Colin: As much as I’m sure everyone would love an answer that says one or the other makes you fat, I think everyone also expects the answer to not be that cut and dry. I don’t think either one of them makes you fat. It’s not the marco that makes you gain fat, it’s the type of quality the macro is as well as how much of it is eaten. No matter what you eat, if you eat over your maintenance level of calories you are going to gain fat.

When it comes to fat the ones you want are the unsaturated fats, monounsaturated and polyunsaturated

fats. There is room for some saturated fat but the main one you want to avoid at all costs is trans fats. While the unsaturated fats have a good list of health benefits, trans fats clog arteries, increases LDL, decrease HDL and a host of other health problems.

When it comes to carbs, there is a huge difference between eating complex carbs and simple carbs high in sugar. The simple carbs produce a rapid increase in blood glucose levels which spikes insulin levels. The digestive system is pumping glucose into the bloodstream faster than insulin can move it into the liver and muscles so the body converts the excess glucose into fat to store for later “use.” The complex carbs are digested much slower and thus a slower glucose rise as well as insulin and fat storage. Not to mention complex carbs help you feel full while simple carbs do not, so you find yourself not only eating more, but eating more of the stuff that makes you fat.

The other thing that comes into play is how each individual responds to carbs. Some people can easily eat hundreds of carbs per day with no problem at all, while others may gain fat eating anything over 150 grams. It’s for that reason, if I had a gun to my head and had to pick between the two, I’d say carbs more so than fat. I don’t like that answer though, because as long as you are eating the right types of foods, it likely won’t matter.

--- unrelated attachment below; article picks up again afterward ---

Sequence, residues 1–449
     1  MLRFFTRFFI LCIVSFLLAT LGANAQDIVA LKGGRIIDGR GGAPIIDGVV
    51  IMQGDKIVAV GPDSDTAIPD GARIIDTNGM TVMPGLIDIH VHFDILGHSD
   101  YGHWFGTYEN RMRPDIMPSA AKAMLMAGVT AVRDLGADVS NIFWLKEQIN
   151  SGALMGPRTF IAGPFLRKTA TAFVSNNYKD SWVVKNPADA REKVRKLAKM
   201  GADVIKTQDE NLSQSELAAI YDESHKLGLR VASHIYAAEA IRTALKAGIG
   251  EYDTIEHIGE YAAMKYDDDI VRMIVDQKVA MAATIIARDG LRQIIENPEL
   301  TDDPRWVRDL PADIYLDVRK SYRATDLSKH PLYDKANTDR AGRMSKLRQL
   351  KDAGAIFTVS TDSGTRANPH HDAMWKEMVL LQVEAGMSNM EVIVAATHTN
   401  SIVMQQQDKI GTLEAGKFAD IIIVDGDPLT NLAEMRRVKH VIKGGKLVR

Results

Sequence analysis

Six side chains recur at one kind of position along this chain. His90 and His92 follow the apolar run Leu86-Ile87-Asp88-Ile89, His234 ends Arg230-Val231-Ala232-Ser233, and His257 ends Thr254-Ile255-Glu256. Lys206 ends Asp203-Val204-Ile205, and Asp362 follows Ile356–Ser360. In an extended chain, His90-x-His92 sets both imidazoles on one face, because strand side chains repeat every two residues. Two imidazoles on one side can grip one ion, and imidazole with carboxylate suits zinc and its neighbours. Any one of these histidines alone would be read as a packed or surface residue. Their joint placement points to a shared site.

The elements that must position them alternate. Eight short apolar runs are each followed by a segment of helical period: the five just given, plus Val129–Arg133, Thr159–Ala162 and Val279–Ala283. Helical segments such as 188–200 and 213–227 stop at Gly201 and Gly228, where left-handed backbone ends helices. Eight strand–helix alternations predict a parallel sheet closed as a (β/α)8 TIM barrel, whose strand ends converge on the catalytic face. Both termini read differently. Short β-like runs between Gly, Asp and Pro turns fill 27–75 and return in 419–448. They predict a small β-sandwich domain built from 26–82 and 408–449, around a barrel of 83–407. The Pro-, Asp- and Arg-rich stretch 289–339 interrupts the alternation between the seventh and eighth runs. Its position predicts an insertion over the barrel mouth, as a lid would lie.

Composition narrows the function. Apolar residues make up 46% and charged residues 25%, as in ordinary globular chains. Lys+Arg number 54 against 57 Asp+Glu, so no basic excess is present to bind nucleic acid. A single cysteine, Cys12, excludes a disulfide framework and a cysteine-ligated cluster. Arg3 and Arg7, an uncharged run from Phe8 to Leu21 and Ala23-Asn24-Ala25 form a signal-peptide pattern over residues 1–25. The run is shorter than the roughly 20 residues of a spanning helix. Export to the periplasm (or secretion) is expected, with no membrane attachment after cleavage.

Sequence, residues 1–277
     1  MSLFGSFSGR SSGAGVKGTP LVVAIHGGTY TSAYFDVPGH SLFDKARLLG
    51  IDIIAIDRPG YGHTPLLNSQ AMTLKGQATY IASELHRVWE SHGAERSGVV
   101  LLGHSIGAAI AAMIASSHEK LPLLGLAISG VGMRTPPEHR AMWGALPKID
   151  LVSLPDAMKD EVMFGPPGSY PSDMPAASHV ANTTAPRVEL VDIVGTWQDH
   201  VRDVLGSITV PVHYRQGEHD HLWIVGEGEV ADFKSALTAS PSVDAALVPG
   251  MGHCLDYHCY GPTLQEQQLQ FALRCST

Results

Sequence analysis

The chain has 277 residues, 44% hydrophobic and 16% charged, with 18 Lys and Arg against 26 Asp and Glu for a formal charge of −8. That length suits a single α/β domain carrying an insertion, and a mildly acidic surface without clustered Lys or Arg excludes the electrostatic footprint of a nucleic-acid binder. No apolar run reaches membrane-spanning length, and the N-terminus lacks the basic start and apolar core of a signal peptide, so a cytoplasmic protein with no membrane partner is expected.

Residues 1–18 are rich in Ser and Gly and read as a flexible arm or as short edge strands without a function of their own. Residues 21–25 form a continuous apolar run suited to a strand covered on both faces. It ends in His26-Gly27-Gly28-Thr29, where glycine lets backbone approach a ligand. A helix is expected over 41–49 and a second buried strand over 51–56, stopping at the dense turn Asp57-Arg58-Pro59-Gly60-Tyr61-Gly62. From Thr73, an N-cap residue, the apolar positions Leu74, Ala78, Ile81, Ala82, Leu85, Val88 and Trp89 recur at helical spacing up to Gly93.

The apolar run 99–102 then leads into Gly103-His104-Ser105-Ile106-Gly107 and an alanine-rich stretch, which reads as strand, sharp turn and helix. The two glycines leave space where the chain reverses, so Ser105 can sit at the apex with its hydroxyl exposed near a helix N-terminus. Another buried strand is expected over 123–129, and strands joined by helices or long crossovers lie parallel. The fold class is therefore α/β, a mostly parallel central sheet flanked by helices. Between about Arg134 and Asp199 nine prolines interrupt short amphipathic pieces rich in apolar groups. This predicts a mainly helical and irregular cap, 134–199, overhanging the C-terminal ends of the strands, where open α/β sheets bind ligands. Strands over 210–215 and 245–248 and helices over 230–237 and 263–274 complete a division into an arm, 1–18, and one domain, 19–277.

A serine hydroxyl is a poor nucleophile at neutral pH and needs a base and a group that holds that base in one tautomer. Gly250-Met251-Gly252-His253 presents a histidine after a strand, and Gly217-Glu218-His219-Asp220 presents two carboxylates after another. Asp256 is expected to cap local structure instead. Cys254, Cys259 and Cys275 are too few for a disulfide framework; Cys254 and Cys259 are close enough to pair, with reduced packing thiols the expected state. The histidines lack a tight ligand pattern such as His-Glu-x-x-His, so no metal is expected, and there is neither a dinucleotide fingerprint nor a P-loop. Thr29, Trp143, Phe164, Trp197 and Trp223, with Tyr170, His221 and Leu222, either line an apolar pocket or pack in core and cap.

Dara: I’m not going to reiterate what has already been said. Instead I’m going to simplify a bit by going back to the original question “what will MAKE you fat?” I think we’ve established the pros and cons of various fat/carbs ratios in terms of effective fat-loss diets, but that comes after you’ve already gotten fat, technically. When it comes to what will actually take you from lean to fat and cause you to fill your fat stores with adipose tissue. Keeping in mind that I agree with what has already been said, I’m going to answer from a behavioural rather than a physiological stance and say carbs make you fat. This is for a multitude of reasons but mostly because carbs are the quick and nutrition-less snack foods that we love the taste of and yet they just don’t satisfy so we eat way too much. As delicious as fat is, it does tend to satisfy and you can’t overeat it the same way you can carbs. Not to mention the carbs in alcohol. Quick and dirty carbs are cheap and easily available and taste so good that it’s easy to overeat your way to becoming fat very quickly. Just ask any college student living on ramen noodles, chips, and beer.

Michael: This is going to sound like a total copout, but I am just now learning how little I really know about the power of precise nutrition and the impact of macronutrients. I’m coming to understand that it’s more than what your total values are, but also when you consume them and from what sources… not just the sum totals.

So, I respectfully decline to give my “expert” opinion on this topic. It’s over my head!

Dara: I don’t feel it’s a copout at all. I have great respect for someone who is willing to admit where they are lacking knowledge and are making an effort to fill in the gaps, rather than trying to sound like they know what they are talking about. This industry is always changing and growing and if you find someone who claims to know everything about everything then I advise you to run far away from them! I find the more I learn the more I realize I need to learn, which is one of the reasons I love what I do!

Round 1: The best fat loss method

Round 2: Fasted vs fed cardio for fatloss

Round 3: Fat loss and muscle-building supplements

Round 4: Nutrient timing/meal frequency for fat loss/muscle-building

Round 5: The best 3 exercises

Round 6: The ideal training program

Round 7: How much protein for fat loss

Round 8: The last 10 pounds

Round 9: The ultimate training split

Happy Lifting!